Also plungers from 4 & 5 speed are different!! Here's a 5 speed conversion guide with ID photos so you can tell plungers. Incorrect plungers will drive you crazy & you'll chase your tail.

With outer cover off you can move the shifter quadrant(57-7019) with giant channel lock pliers while zig zagging wheel. It should move & select all gears. You should feel back lash in gear to cam. The detent for cam is strong & it won't shift easy but should click through gears. At the same time I'd remove & inspect cam plunger(57-7020). Some builders like to shim spring tighter. I don't like that. If spring is even close to spec it seems to work fine. Look up through plunger hole at cam. The cam can wear a deep groove, but generally lasts good. Fork tracks in cam can wear also. The cam has some steep ramps so some gears take more turning force of cam to shift. However.... With plunger removed the cam & gears should move freely & ever gear should be selected as you zig zag wheel. If outer cover was on, you can turn cam with screwdriver easily through the hole. I have done this many times. So that will tell if inner trans cover must come off. Not a lot to go wrong inside that you can't see from these tests.

Moving onto clutch. It should free well even cold. Meaning motor off, pull clutch lever. Kick down kicker pedal. Motor will come to compression, then pedal will free move as the plates have now separated. Coldest I've been overnight is 23f. Freed no problem at all. While you're there tease the clutch lever while kicking & you can feel it take up & release.

Good pressure plate lift measured through primary cover is .110-.120". I use a normal depth gauge. #1 problem during clutch rod adjustment is not enough slack in bar lever. Run the adjuster fully loose on bar end. Turn rod screw in until you see pressure plate lift. Verify clutch lever play. If no play back off cable at trans end. Now back off rod screw, run screw back gently until rod has zero play. Back off screw 1/2-5/8 turn. I like 5/8. Lock nut while counter holding screw. Adjust lever play so gap is about 1/16-3/32". Measure lift with depth gauge. Report back if you will what lift you have. Version of lever on handle can effect lift. Some over lift. If over lifting, give cable more play. When motor is heat soaked lever play increases. That is normal.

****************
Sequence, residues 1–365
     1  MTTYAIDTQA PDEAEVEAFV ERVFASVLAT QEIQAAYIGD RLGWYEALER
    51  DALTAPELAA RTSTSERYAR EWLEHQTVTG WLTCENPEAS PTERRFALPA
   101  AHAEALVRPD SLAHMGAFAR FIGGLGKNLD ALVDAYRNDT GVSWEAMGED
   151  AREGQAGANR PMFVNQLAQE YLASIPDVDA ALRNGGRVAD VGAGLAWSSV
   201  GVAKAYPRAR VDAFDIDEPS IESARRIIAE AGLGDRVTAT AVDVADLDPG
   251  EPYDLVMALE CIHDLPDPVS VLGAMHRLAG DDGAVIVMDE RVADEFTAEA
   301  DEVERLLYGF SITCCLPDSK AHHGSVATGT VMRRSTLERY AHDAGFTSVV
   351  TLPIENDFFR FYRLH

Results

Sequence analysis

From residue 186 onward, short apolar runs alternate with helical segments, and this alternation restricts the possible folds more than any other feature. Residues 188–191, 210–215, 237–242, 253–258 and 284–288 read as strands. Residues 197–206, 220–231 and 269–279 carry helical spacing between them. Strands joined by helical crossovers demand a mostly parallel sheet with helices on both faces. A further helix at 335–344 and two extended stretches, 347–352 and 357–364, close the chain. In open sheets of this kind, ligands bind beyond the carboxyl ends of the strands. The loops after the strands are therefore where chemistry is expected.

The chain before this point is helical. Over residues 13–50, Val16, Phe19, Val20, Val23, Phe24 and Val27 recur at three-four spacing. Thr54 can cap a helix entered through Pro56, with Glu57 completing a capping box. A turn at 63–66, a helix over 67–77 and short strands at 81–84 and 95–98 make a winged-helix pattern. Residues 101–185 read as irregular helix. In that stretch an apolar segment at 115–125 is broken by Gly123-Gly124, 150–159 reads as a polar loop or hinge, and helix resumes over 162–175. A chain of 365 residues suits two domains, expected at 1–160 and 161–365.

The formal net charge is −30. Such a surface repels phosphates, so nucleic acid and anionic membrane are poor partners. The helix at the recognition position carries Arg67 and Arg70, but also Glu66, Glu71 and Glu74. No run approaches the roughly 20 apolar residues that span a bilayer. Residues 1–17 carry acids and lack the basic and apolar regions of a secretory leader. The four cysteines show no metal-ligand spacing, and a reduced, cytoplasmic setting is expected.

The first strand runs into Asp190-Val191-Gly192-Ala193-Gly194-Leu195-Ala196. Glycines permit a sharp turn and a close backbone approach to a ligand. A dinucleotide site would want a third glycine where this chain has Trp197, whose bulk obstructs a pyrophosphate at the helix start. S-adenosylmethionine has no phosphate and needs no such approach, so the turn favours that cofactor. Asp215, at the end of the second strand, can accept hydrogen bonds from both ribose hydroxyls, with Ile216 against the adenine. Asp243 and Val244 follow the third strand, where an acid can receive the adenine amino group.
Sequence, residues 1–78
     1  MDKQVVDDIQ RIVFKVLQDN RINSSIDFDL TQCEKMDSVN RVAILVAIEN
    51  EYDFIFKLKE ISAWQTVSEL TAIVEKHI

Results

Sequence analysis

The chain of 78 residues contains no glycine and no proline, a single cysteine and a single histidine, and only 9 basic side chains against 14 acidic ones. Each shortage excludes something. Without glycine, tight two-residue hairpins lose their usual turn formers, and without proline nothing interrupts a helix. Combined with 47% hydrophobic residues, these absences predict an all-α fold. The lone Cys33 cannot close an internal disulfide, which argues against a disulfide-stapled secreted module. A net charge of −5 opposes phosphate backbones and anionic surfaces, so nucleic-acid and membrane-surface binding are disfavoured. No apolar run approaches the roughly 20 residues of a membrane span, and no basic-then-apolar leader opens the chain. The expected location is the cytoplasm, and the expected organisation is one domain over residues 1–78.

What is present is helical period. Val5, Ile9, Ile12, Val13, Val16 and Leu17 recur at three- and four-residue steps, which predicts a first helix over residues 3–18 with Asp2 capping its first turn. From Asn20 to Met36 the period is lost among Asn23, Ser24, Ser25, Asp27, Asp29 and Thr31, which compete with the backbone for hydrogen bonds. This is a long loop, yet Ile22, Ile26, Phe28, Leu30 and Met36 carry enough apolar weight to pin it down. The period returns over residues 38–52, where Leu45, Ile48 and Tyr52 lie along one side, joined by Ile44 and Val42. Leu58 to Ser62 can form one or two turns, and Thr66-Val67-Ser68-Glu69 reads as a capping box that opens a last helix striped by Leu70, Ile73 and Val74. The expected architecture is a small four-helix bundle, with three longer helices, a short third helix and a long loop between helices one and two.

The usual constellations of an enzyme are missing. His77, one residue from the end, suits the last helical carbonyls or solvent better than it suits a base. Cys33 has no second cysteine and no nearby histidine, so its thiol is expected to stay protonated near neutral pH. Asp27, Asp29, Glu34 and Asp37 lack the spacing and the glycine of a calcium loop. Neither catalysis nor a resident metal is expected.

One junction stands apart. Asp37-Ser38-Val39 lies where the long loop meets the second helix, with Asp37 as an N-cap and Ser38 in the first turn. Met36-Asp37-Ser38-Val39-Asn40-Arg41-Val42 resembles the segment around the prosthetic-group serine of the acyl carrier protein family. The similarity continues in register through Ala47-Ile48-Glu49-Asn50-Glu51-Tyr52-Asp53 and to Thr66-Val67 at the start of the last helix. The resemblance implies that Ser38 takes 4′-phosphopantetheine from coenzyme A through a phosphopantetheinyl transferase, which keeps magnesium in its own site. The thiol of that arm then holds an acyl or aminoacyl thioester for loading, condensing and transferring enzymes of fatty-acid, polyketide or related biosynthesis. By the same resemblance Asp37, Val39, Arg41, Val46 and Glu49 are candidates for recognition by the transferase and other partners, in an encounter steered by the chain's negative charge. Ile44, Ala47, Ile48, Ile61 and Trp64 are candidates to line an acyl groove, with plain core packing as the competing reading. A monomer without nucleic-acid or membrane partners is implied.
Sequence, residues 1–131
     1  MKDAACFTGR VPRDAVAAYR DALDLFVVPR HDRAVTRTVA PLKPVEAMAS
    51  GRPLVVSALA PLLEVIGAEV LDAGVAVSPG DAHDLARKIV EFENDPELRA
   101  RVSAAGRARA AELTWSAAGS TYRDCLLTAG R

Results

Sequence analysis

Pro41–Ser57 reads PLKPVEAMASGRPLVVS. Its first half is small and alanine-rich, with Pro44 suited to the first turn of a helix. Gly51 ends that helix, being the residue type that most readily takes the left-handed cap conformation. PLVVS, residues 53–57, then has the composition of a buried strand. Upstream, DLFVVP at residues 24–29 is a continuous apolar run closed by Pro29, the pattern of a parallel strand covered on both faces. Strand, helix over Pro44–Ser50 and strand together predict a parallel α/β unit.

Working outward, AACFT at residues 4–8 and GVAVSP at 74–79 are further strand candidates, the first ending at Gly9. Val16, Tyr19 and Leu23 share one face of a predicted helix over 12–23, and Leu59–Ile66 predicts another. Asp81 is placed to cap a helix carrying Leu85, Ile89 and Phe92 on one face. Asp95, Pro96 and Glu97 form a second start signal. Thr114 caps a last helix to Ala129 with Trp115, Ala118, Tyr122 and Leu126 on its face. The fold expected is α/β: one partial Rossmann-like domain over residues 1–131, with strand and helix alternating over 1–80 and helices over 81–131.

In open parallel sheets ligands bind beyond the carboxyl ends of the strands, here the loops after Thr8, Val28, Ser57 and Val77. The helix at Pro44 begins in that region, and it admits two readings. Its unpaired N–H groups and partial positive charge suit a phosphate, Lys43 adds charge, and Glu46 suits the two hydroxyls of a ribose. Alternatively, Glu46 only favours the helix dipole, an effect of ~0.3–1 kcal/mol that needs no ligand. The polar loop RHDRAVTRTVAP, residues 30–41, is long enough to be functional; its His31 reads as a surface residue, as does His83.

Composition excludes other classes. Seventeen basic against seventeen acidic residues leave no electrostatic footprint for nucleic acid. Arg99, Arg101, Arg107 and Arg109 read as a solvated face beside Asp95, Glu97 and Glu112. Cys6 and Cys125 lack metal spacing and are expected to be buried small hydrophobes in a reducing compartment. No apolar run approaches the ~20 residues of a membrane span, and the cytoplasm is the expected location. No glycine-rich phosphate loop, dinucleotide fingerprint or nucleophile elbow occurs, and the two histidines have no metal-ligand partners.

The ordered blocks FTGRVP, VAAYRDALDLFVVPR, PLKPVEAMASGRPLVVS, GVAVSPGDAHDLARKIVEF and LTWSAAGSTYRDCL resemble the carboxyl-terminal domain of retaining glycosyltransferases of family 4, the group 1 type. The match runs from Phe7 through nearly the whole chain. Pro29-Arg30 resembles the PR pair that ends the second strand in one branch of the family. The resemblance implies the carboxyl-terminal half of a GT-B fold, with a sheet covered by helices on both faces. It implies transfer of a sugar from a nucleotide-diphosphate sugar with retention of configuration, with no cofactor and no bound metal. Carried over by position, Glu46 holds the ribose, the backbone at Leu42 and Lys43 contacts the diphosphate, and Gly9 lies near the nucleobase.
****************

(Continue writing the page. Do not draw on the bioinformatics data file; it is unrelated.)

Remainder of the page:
I think you'll find & correct faults no problem now. Please report findings back.

Where is your location? I'm Pleasant Hill, CA. If close enough we could meet up.
Don
 

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Don: Thanks tons. I have parts & shop manuals. I am located in beautiful downtown Schwenksville PA, about 40 miles NW of Philadelphia.
Tomorrow I am going to Aruba for a week so it will be a delay to look at this. I agree the clutch should disengage. I think I may peek under that cover first, as there is a clutch issue.
If you get to Philly some time, dinner is on me. Regards, Mike
 

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Don, aka TR7RVMan, is very thorough and has helped me in the past. But if I was a gambling man on this one, I would check the shift quadrant first. I had a very similar problem when I bought my 79 Bonneville last February. It had been sitting for I don't know how long at the shop I bought it from and who knows how long before the shop acquired it. I got it running, fluids changed etc and first putt putt around the neighborhood, it would not shift down from 2nd so like a dummy I went to 3rd then to 4th and of course to 5th. Bike would not come out of gear! Here are some pics of what I found after removing the trans cover. Condensation really did a number in there! I cleaned it all up and rebuilt the quadrant and she shifts smooth and quiet now!
!
715980
715981
 

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Hi T140blue, Wow what a nice bike!! So you have an interesting mix.... Pre 1970 frame. '73-76 front fender. US high bars (very comfortable). I can't tell year of switch gear from tese photos, I'm not that good. Dry frame headlamp, T140 early type instruments. Rear disc brake added to dry frame swing are. Looks like a very skilled fabricator put this bike together!

Enjoy your time away. We visited a 1.5 years ago. Philadelphia & visited Liberty Bell etc, then moved onto Amish country near Lancaster, finally Gettysburg. Of course had to tour Harley factory in York. Very meaningful to Americans. If we get back, I'll look you up. Was in late May & warming nicely. I surprised at how few bikes were out riding.

After you get back, we'll get back into the bike. Before you do tear down, please measure pressure plate lift as it is right now. I like to learn as much as I can. I find clutches & transmissions most interesting. There are lots of things to go wrong on clutches. The hard parts don't last long. Grooving of slots, wear in cush hub. Sadly many repro parts we are forced to use are marginal quality at best. One thing that really works good is 7 plate clutch kit. For clutch cables Barnett is the only brand to use. They are substantially stronger. 750 pressure plate springs are very stiff & quite hard on cables. With 7 plate kit you can use the softer 650 springs which gives much less lever effort with no slip. We'll see what you have & get into that later.